Intellectual property, or IP, is broader than most people expect. It includes trademarks and patents, of course, but also encompasses employee know-how, internal communications, competitive insights, and budding innovations. Overlooking how much data falls under the umbrella of IP can lead to sensitive information being exposed to unnecessary and unacceptable risks.
Cybercriminals of all stripes target IP because it has immense value, especially compared to basic consumer data. IP is under such persistent attack that companies lose an estimated $300 billion annually, which also leads to the elimination of 2 million jobs. The hard truth is that IP theft is and always will be on the front lines of cybersecurity.
THE COMPLEX LANDSCAPE OF IP THEFT
Companies that discover their IP has been stolen do have some legal recourse, however. The Defend Trade Secrets Act and the Digital Millennium Copyright Act empower companies to take civil action against anyone who misappropriates intellectual property. Unfortunately, neither law is perfect in practice.
DTSA assigns a heavy penalty for IP theft — up to three times the value of the property — as long as plaintiffs can show they’ve taken adequate steps to protect their intellectual property. The most problematic aspect is that different state courts have defined “adequate” differently, leaving unanswered questions about when and how settlements are awarded.
DMCA also has uncertainty. The law was implemented after easy file sharing on the internet began to exacerbate media theft. Consequently, it provides sweeping protections for copyrights but not for patents, trademarks, or other data that should realistically be considered IP. Despite the expansive legal framework in place, IP theft typically leaves victims with limited options.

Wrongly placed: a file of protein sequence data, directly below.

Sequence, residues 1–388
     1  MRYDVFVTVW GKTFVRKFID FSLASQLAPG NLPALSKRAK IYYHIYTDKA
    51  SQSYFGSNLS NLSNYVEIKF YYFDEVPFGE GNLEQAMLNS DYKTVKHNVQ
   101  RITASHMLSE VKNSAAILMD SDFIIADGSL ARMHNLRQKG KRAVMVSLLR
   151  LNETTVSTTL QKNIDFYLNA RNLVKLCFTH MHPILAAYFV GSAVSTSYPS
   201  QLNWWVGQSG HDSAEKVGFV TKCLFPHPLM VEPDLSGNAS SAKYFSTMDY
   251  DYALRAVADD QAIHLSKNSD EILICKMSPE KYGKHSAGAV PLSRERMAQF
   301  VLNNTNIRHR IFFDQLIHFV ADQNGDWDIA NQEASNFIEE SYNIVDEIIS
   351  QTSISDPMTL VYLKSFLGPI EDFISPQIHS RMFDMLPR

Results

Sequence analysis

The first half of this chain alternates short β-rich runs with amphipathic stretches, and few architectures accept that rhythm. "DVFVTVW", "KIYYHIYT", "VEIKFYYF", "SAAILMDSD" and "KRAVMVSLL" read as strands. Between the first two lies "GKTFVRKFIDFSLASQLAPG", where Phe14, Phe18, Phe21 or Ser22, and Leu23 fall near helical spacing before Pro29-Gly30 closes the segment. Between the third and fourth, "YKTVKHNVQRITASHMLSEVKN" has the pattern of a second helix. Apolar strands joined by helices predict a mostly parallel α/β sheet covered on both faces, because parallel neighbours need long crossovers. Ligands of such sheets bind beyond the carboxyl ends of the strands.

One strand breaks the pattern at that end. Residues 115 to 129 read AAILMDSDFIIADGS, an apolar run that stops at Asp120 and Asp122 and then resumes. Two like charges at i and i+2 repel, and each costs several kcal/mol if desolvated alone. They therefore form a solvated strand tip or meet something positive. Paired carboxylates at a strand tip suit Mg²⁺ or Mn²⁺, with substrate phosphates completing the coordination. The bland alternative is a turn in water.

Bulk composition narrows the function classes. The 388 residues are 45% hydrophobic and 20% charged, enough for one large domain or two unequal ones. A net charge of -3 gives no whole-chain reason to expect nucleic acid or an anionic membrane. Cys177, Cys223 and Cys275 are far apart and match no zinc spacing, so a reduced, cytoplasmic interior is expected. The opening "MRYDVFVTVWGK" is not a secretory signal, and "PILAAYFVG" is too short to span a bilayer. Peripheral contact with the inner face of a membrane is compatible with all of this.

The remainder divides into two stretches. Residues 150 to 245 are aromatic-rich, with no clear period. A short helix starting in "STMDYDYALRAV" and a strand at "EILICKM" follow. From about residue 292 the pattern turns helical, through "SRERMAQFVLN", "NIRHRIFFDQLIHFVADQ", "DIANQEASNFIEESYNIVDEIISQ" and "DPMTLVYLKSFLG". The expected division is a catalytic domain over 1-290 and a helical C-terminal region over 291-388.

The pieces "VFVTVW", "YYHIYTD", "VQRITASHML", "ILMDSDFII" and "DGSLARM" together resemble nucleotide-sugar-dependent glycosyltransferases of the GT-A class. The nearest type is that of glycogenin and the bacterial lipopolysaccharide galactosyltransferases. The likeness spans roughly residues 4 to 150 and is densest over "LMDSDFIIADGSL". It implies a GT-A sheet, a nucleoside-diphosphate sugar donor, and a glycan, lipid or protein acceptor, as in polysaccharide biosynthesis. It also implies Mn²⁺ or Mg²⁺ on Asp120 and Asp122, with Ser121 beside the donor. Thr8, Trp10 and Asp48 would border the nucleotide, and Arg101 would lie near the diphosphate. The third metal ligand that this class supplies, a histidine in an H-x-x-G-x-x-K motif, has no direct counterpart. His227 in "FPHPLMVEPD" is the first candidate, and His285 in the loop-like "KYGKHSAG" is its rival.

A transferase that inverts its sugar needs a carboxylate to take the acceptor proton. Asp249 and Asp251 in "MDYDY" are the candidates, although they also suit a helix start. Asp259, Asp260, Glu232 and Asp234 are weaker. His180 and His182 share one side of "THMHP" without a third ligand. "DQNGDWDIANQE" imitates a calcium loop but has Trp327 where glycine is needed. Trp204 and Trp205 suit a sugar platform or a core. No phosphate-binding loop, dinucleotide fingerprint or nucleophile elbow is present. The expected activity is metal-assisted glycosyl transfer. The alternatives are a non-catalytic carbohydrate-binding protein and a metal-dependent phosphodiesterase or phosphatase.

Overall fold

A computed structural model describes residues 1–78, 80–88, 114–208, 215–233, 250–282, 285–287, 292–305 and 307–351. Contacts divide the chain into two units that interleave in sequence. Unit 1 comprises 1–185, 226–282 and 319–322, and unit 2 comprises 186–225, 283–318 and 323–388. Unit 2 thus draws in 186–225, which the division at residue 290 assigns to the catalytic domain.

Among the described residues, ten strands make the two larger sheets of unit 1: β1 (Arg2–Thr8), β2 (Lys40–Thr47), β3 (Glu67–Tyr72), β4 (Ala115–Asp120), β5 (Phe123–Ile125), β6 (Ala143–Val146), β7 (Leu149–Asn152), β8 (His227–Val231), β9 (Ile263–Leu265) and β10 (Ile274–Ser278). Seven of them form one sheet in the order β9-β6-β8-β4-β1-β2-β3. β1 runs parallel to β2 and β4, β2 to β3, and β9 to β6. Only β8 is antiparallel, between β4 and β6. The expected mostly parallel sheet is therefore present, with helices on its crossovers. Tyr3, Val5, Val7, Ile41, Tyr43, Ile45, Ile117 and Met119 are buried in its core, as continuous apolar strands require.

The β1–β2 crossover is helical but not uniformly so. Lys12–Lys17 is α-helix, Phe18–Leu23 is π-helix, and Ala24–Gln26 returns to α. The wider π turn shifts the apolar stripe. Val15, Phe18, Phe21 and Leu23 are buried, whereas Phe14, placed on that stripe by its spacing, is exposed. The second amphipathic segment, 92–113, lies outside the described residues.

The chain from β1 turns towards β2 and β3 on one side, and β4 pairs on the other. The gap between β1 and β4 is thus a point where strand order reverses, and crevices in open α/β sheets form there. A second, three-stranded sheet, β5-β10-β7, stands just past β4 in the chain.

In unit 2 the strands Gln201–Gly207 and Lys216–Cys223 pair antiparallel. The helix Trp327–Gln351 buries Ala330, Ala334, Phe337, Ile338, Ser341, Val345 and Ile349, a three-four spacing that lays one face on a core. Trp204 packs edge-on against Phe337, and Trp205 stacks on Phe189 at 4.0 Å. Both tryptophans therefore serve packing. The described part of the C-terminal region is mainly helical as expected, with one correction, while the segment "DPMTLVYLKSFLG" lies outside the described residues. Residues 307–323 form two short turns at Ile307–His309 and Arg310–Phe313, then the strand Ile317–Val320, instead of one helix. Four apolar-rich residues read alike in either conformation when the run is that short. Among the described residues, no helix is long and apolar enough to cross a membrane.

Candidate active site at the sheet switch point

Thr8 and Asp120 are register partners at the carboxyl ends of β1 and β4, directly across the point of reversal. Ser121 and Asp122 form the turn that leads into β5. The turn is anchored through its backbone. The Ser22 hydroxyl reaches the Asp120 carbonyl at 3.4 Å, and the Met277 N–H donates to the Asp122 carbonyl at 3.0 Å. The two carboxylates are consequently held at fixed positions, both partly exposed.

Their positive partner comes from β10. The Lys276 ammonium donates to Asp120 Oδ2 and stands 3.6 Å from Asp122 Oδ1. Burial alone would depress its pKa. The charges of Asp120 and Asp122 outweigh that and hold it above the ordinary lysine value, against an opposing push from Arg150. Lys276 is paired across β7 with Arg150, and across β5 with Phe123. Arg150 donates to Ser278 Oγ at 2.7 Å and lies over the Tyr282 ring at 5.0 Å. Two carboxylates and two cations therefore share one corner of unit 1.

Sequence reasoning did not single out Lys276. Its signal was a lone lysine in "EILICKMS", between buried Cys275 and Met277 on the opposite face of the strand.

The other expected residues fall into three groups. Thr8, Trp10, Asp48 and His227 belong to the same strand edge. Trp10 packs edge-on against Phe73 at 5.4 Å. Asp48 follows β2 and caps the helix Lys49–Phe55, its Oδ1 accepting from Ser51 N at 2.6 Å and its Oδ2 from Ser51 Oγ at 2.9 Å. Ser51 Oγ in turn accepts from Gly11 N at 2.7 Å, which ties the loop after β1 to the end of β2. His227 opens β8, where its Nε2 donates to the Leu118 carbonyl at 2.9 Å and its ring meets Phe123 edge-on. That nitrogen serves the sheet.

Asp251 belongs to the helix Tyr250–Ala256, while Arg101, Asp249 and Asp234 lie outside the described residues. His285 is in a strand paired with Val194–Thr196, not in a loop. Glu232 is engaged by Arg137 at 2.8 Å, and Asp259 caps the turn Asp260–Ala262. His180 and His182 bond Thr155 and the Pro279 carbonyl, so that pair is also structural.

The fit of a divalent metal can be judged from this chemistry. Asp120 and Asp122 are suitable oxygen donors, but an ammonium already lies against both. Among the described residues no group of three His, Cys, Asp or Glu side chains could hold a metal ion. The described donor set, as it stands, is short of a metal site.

The simple solution would be to safeguard all IP, a monumentally difficult proposition when insiders are the biggest threat. Research shows that half of all departing employees leave with confidential information, either accidentally or intentionally. And when insiders are motivated to steal, their close proximity to IP makes it easy for them to bypass security controls.
On the other side of the equation, third-party vendors up and down the supply chain can put IP at risk if they’re not trustworthy. Companies are in the difficult position of having to look both inward and outward with equal scrutiny while hoping the laws provide adequate protection. It’s a dire situation, but that doesn’t mean IP protection is impossible.
THE KEY COMPONENTS OF IP CYBERSECURITY
Don’t assume that your existing cybersecurity strategy is adequate at protecting your present and future intellectual property. Fully addressing the unique vulnerabilities of this data will also require a unique strategy with regards to its protection:
On a fundamental level, IP is the lifeblood of your company. If your intellectual property were to fall into the wrong hands, the damage could be impossible to overcome. Instead of treating this data as sensitive, acknowledge it for what it really is: mission-critical.